One false step and I lose everything.

Or, by choosing that path –

That path to uncertainty –

I could find myself

On the road

To

Happiness.

AAAAAAHHHHHHH!!!!!!!!


I swear, today was one of those days when I just want to walk out and not look back.

One of those days when I feel like it doesn’t really matter what I do, I will end up being screwed in the end.

One of those days when I wanted to step outside and scream at the top of my lungs.

One of those days when I wanted to come home, crawl in my bed, pull my comforter over my head, and never come out.

One of those days when it is all too easy to forget why I keep going every day, why I keep giving it my best, why I keep caring.

I am so tired of the politics of it all.

I am so tired of that helpless feeling of being completely out of control.

I am so tired of jumping through hoops that just keep getting higher and higher.

I need to find my joy.

I just have no idea where it is hiding.

Come out, come out, where ever you are.

Summertime and the Living Is Easy… Says Who?

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Kickin’ up my heels at the beach. LAST summer.

With all due respect for the geniuses that are the Gershwin Brothers and their masterpiece “Porgy and Bess,” but – that line is wrong.  On so many levels.

Oh, I know most folks believe that us teachers just spend all summer long laying out in the sun, workin’ on our tans.  Kickin’ up our heels enjoying our two month vacation.

I hate to burst that bubble, but that just ain’t true.

I use my summers to attempt to get caught up on all the things I can’t manage to get done the other ten months out of the year.

You know, when my days start when I get up at 5:30, and don’t end until I put aside my work and turn out the lights at 11:30.  And where my weekends are spent preparing lesson plans, and running errands – oh, and trying to spend time with The Three Little Monkeys.

During my summer “break,” I use the time to:

Attack my yard.  Landscaping.  Pulling up the ever-present ivy.  Cutting down wayward bushes.  Preparing the yard to TRY to get grass to grow.  Dirty sweaty work.

Clean my house.  And by cleaning – I mean THOROUGH cleaning.  Top to bottom.  Pulling everything out of cabinets.  Wiping the walls.  Reducing the layer of life that builds up during the school year.

Organize.  The storage room.  Closets.  Everything.

Paint.  The house I mean.  Not like PAINTING painting.  This summer, the Middle Monkey and I are going to finish turning his room into a solar system wonderland.

Make things for the upcoming school year.  Posters.  Charts.  Games.

Oh, and try to spend time with The Three Little Monkeys.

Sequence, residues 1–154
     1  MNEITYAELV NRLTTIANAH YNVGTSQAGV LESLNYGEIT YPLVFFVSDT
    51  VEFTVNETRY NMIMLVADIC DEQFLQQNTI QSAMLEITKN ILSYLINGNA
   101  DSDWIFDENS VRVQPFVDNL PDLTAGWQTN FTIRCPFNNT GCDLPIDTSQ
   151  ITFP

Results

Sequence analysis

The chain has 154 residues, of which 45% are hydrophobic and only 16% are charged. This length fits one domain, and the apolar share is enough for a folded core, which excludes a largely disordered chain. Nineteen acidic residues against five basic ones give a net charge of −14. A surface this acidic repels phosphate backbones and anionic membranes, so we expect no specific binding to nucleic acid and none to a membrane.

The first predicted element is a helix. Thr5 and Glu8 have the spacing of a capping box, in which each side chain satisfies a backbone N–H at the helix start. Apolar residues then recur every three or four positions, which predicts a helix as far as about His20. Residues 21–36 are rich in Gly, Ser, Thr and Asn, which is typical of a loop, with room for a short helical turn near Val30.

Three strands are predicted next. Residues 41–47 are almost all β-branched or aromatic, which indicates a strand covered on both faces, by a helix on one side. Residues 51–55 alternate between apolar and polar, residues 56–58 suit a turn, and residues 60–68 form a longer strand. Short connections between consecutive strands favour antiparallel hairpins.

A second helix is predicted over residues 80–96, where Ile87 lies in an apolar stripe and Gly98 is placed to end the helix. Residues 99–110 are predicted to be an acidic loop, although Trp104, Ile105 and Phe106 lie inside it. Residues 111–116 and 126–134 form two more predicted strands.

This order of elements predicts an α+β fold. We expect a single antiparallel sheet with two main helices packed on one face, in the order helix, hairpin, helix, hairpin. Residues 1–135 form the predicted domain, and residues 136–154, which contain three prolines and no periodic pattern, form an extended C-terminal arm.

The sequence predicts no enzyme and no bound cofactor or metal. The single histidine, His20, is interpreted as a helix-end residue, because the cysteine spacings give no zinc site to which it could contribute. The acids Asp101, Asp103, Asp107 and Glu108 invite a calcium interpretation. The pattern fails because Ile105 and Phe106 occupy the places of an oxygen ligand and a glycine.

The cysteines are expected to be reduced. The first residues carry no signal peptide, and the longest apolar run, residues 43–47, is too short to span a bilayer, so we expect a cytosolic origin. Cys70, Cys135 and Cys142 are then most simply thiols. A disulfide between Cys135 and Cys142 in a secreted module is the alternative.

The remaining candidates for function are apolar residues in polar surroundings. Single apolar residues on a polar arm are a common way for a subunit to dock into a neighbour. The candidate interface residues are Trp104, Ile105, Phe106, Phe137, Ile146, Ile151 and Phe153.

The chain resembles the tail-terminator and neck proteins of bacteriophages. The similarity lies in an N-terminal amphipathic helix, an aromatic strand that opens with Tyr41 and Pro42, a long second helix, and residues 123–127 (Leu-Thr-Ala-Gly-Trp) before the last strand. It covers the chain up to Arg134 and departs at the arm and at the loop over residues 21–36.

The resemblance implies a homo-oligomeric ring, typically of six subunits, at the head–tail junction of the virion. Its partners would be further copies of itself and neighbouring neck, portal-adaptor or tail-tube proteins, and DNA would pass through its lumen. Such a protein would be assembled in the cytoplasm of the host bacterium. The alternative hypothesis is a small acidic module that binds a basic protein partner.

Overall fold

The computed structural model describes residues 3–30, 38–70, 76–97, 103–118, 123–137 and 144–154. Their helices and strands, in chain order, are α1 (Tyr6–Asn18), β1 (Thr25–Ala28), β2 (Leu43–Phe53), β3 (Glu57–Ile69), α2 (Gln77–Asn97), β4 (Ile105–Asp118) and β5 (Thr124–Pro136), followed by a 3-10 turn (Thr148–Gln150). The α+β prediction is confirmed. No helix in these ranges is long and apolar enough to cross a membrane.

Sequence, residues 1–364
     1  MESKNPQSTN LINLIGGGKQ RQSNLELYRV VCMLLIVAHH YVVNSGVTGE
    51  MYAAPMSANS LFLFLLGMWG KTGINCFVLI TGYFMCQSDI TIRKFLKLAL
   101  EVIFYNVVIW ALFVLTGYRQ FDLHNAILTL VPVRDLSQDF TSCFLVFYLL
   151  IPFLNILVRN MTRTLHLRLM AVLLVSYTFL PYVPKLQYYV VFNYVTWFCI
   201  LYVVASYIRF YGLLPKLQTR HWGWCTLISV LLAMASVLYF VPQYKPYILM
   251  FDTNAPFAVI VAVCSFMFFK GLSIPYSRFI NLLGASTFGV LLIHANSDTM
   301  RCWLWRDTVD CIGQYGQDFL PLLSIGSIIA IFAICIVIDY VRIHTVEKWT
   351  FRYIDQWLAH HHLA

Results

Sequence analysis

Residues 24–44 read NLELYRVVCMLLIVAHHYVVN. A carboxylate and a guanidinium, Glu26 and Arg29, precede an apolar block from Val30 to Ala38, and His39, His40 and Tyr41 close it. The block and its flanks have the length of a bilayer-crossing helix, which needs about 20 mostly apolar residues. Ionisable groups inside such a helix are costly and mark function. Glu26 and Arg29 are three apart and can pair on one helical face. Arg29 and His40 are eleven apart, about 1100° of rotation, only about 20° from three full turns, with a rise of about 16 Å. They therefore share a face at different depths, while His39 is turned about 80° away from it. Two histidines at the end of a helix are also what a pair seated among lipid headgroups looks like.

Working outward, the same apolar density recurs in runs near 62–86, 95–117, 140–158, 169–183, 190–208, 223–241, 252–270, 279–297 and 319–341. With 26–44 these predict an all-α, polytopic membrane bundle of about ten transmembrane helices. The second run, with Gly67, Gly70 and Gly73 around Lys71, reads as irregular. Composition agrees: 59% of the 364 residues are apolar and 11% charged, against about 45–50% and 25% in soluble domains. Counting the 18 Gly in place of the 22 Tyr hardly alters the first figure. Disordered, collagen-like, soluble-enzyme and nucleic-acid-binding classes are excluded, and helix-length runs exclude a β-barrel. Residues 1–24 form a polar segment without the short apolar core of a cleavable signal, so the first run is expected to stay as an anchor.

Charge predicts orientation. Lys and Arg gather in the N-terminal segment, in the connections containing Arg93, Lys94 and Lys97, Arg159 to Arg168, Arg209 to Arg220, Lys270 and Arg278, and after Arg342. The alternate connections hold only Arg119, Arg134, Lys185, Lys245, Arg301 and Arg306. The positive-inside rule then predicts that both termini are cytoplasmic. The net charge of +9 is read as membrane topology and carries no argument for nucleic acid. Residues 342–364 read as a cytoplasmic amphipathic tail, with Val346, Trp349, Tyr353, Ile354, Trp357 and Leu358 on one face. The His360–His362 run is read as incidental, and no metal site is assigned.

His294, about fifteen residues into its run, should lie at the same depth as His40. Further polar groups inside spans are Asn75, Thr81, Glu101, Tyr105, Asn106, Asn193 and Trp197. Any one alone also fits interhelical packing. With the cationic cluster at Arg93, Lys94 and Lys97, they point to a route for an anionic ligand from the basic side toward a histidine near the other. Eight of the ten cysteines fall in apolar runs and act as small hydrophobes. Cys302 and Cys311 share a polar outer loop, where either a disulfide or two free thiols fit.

And before I know it, my summer break is over, and it is back to school I go.  And the cycle continues.

Well, back I go to continue my summer “vacation.”

I gotta say though, I’m getting one bitchin’ tan from all the yard work.

Love is Lovelier the Second Time Around (or even the twentieth…)

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Tell us about a book you can read again and again without getting bored — what is it that speaks to you?

via Daily Prompt: Second Time Around.

Love is lovelier the second time around
Just as wonderful with both feet on the ground (Second Time Around   – as sung by Frank Sinatra)

As I have mentioned many many times, I am wrapping up my 15th year of teaching.  I am a big proponent of the teacher-read-aloud – even in the upper grades.  I read to my class every day and use it as a jumping off point for so many lessons and discussions.  It is the most special time of our day.  I have students who are now in their mid-twenties who tell me they can still remember certain books I read to them and how much they loved it.  For some of my students, it has been what has made them fall in love with books.

I put a lot of thought in what I chose to read to them.  And I try not to just read the same book year after year.  After all, while THEY may not have read it, I would get bored reading the same things all the time.  With one exception…

I have read Where the Red Fern Grows, by Wilson Rawls to nearly every single class in the past 15 years.  It has become a link to each class.  Siblings from a previous class will ask the brother or sister in my current class if I have read it yet.  It sticks with them.

For those of you who are not aware of the book (and if you haven’t ever read it – read it…it is great), Where the Red Fern Grows, is the story of Billy Coleman, a young boy growing up in the backwoods of the Ozarks somewhere around the Depression.  Billy’s family isn’t just poor, they are dirt poor, living off the land.  However, Billy decides he wants some dogs.  And not just any ol’ dogs.  He wants hunting dogs.  Specifically Redbone Coonhounds.  His parents want to help him, but they can’t.  So, Billy works for over two years to gather enough money to buy his beloved dogs.  And that’s where the story really begins.

“It’s strange indeed how memories can lie dormant in a man’s mind for so many years. Yet those memories can be awakened and brought forth fresh and new, just by something you’ve seen, or something you’ve heard, or the sight of an old familiar face.”